tempt to unionize fifty mines in the Tug
River field, which embraces all Mingo
and part of I’lke counties. As fast as
the men joined the United Mine Workers’
Union they were discharged.
The situation became tense and a match
was touched to the powder keg last May
■i 1 "■ 1 ■—a
ColdSjjjjg®^
J tube to-
JLfc'rNA day. Makes your
bead and nose
v feel fine.
Easy to apply
; to act
30 treatment tin FREE—Write
KONDON MFG. CO.
Minneapolis, Minn.
Sorority Hostesses
.'IIS9 MARIAN G.' WILLIAMS.
- , S‘ jjjjjj .
v *•
ie. *v* *
L>)
i / i
C-W'.. / '
% * :
MRS. BLANCHE CLARK MtIJ.F,R.
Prominent in the activities of Sigma
Alpha lota Musical Sorority of this city
are Mrs. Blanche Clark Miller, of the
alumni, and Xliss Marian G. Williams, ol
the active chapter, who will be among
the hostesses for the dancing party to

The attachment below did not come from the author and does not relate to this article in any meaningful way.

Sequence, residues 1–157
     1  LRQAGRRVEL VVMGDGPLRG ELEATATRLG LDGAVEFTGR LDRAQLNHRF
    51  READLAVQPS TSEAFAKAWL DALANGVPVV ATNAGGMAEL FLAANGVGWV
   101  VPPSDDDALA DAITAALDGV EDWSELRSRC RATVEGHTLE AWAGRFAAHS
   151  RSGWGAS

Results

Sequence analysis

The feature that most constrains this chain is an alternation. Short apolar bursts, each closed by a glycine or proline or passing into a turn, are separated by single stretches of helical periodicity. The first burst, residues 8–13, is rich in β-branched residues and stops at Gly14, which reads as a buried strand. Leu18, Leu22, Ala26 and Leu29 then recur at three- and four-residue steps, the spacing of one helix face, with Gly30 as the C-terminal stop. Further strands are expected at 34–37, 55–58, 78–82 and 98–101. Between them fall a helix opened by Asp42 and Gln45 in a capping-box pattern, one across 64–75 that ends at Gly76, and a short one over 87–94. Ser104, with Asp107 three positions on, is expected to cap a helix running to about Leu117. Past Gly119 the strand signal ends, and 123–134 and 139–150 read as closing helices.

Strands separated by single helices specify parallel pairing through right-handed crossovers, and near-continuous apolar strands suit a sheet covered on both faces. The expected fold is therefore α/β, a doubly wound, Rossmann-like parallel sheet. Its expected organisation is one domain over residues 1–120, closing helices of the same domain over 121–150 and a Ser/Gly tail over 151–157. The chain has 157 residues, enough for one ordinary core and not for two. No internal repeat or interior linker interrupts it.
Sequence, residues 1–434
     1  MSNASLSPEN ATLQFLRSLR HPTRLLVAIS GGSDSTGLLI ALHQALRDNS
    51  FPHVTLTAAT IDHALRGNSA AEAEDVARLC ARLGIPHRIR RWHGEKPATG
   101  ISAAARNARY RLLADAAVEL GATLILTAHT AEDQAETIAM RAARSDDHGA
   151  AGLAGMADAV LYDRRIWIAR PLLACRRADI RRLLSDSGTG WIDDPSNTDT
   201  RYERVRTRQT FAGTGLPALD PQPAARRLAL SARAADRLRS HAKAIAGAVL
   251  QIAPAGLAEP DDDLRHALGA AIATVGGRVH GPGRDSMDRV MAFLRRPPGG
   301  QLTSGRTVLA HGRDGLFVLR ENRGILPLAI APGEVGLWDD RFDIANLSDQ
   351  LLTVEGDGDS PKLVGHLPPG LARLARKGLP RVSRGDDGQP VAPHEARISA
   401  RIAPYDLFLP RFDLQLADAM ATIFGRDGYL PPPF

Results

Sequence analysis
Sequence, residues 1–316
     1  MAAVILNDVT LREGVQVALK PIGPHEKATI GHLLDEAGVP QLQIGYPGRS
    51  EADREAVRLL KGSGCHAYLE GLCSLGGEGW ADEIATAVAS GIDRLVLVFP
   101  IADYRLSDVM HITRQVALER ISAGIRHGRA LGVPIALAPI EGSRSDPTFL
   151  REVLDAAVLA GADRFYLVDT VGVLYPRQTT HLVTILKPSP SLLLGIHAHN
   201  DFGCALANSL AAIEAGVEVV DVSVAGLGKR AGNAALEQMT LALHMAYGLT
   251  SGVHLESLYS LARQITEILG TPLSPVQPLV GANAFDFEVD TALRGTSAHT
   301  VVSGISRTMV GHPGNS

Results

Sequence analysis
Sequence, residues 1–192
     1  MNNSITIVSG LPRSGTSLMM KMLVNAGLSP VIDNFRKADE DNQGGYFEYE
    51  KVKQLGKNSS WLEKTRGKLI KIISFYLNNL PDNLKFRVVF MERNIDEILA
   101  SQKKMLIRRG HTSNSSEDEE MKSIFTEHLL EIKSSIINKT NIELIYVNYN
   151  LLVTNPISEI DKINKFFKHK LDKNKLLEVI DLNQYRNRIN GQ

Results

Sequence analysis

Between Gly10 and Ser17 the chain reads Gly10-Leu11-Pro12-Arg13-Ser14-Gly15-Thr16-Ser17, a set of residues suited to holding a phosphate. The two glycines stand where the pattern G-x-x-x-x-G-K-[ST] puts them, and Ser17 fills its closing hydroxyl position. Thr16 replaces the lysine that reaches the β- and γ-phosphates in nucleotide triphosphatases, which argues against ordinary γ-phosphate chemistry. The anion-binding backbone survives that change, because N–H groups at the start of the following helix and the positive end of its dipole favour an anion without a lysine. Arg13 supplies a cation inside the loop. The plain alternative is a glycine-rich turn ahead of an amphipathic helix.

be given tonight In the ballroom of the
College of Music and Fine Arts by the
organization. In honor of the college fac
ulty. There will be special musical num
bers and various novel features are to
he Introduced during the evening.
The active chapter Includes Christine
Roush. Crystal Topp Miller. Ruth Alfred,
Adah t>. Strong. .Maude Krause, Mary
Harter. Helen Summers, Beatrice I.use,
Iva Nicholson, .Marian Williams and
Agnes Hodgins. The Alumni Club, of
which Mrs. Oliver Willard Pierce is
chairman, will assist the active chapter
in entertaining. '
when eleven -men were killed, lneludtng
Mayor T**sterm.in.
Regular guerilla warefare followed,
bushwhacking and dynamiting of prop
er-rj>eing interspersed occasionally with
out- ind-out duels between the warring
factions.
The ire of the miners was arous’d
particularly by the practice of the oper
ators in ejecting them from company
owned houses when they Joined the
union. Ejections became, wholesale when
the strike was called in July. Women
and children became the principal suf
ferers.
At the height of the strike, the miners
claimed 4.0U0 men out and monthly pro
fluctlon reduced from 4TiO,<kJO to lflQjkk)
:ons. The operators said, however, the
maximum number of strikers out was